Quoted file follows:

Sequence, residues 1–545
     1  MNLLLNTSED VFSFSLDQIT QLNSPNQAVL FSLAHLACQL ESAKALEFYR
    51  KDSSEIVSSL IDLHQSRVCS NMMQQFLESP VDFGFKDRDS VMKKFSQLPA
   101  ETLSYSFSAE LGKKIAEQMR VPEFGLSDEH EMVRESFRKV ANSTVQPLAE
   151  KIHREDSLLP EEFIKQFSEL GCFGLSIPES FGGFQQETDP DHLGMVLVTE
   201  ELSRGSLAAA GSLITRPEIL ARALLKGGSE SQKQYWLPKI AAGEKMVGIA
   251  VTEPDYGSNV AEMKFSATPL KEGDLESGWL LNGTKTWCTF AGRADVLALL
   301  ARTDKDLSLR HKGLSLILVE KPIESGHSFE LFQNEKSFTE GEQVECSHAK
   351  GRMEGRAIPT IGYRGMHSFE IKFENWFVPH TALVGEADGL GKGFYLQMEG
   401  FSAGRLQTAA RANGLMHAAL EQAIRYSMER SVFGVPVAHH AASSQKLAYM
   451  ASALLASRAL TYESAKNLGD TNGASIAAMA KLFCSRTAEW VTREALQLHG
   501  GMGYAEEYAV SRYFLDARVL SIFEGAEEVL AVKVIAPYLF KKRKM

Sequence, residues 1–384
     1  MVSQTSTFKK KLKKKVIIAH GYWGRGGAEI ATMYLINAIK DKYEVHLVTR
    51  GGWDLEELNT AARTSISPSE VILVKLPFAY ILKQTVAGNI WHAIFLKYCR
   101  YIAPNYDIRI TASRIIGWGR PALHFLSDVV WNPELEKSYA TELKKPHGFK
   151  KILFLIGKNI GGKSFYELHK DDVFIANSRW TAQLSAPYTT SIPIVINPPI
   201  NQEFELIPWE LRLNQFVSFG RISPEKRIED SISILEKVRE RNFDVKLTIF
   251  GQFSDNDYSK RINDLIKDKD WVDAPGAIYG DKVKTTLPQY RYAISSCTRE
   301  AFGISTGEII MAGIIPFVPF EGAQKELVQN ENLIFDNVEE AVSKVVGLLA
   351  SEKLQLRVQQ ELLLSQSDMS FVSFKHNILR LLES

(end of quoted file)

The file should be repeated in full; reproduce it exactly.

Sequence, residues 1–545
     1  MNLLLNTSED VFSFSLDQIT QLNSPNQAVL FSLAHLACQL ESAKALEFYR
    51  KDSSEIVSSL IDLHQSRVCS NMMQQFLESP VDFGFKDRDS VMKKFSQLPA
   101  ETLSYSFSAE LGKKIAEQMR VPEFGLSDEH EMVRESFRKV ANSTVQPLAE
   151  KIHREDSLLP EEFIKQFSEL GCFGLSIPES FGGFQQETDP DHLGMVLVTE
   201  ELSRGSLAAA GSLITRPEIL ARALLKGGSE SQKQYWLPKI AAGEKMVGIA
   251  VTEPDYGSNV AEMKFSATPL KEGDLESGWL LNGTKTWCTF AGRADVLALL
   301  ARTDKDLSLR HKGLSLILVE KPIESGHSFE LFQNEKSFTE GEQVECSHAK
   351  GRMEGRAIPT IGYRGMHSFE IKFENWFVPH TALVGEADGL GKGFYLQMEG
   401  FSAGRLQTAA RANGLMHAAL EQAIRYSMER SVFGVPVAHH AASSQKLAYM
   451  ASALLASRAL TYESAKNLGD TNGASIAAMA KLFCSRTAEW VTREALQLHG
   501  GMGYAEEYAV SRYFLDARVL SIFEGAEEVL AVKVIAPYLF KKRKM

Sequence, residues 1–384
     1  MVSQTSTFKK KLKKKVIIAH GYWGRGGAEI ATMYLINAIK DKYEVHLVTR
    51  GGWDLEELNT AARTSISPSE VILVKLPFAY ILKQTVAGNI WHAIFLKYCR
   101  YIAPNYDIRI TASRIIGWGR PALHFLSDVV WNPELEKSYA TELKKPHGFK
   151  KILFLIGKNI GGKSFYELHK DDVFIANSRW TAQLSAPYTT SIPIVINPPI
   201  NQEFELIPWE LRLNQFVSFG RISPEKRIED SISILEKVRE RNFDVKLTIF
   251  GQFSDNDYSK RINDLIKDKD WVDAPGAIYG DKVKTTLPQY RYAISSCTRE
   301  AFGISTGEII MAGIIPFVPF EGAQKELVQN ENLIFDNVEE AVSKVVGLLA
   351  SEKLQLRVQQ ELLLSQSDMS FVSFKHNILR LLES